Editorial: Program fitting abusers with GPS trackers has proven successful
Published: Tuesday, September 10, 2013
Updated: Tuesday, September 10, 2013 20:09
Back in 2010, a new pilot program was introduced in Connecticut to help combat domestic violence. The program works to deter repeat offenders with GPS devices, and is currently in effect in the Hartford, Bridgeport and Danielson areas.
The program starts with a judge in any of the aforementioned areas ordering the offender to wear a GPS device. The victim is given a corresponding GPS device to either carry with them or keep at home depending on what situation works best for them. If the offender gets within 5,000 feet of the victim, the victim is notified. If the offender gets within 2,500 feet, the victim and local police are alerted, family services and the state’s attorney are notified, and the offender must make a court appearance.
The program has been in effect for three years, and has resulted in 168 high-risk offenders in the Hartford, Bridgeport and Danielson regions wearing GPS ankle bracelets on. Since the program’s inception, no victims involved have been injured or killed, which has shown the effectiveness of the GPS devices in deterring repeat domestic violence offenders.
“It’s a really strong intervention and works well in very high-risk cases for keeping victims safe,” said Karen Jarmoc, executive director of the Connecticut Coalition Against Domestic Violence.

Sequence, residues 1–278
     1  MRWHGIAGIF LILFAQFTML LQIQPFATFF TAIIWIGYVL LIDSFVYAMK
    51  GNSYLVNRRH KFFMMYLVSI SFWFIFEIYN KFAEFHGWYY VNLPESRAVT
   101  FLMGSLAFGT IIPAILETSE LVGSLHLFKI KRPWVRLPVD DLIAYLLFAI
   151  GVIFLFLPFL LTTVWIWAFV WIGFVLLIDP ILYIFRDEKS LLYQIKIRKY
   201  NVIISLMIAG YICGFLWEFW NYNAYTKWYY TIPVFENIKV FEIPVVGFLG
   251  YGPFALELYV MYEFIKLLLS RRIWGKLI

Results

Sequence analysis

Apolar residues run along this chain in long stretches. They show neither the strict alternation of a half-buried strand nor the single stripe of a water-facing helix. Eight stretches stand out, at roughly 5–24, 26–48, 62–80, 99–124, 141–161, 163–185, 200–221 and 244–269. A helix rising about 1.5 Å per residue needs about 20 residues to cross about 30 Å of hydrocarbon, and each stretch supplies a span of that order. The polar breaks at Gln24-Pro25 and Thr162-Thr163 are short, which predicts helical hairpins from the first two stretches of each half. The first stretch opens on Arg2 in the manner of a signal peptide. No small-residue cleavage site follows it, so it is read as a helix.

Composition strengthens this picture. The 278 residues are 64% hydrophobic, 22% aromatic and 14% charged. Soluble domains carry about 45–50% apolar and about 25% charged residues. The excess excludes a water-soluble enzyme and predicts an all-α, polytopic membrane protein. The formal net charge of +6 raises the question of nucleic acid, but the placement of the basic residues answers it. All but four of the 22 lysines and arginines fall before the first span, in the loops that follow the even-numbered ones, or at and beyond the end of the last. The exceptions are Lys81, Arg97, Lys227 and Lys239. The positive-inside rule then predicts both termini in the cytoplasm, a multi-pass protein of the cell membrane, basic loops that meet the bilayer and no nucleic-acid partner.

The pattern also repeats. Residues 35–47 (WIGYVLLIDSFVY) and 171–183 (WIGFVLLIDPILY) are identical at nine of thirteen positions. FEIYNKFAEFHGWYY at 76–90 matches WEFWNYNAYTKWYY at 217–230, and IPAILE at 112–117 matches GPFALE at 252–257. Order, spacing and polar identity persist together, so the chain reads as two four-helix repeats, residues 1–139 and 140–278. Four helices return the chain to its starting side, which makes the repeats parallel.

Connecticut isn’t the only state to have such a program as Vermont, Massachusetts, Illinois and Washington, D.C. have comparable initiatives.
This program is an important step in combatting domestic violence and should be commended for the success it has had the past few years, especially considering that Connecticut has an average of 15 deaths a year from domestic violence. The implementation of this GPS technology can help deter offenders from violating their restraining orders and it allows law enforcement be notified and to get involved should the offender violate their restraining order.
Proponents of the program have been looking to get the funding necessary to expand the program. It currently costs nearly $500,000 a year to run. Should it get approved, it would be expanded gradually, costing $928,000 the first year, and then $1.9 million each subsequent year.
“While we certainly, as a state, need to keep our budget in line, keeping citizens safe is important, and I think we should try to fund this statewide,” said Senator John A. Kissel of Enfield, a ranking member of the legislature’s Judiciary Committee.
While budgets are always a concern, this program has proven effective in combatting domestic violence and deserves strong consideration for expansionary funding.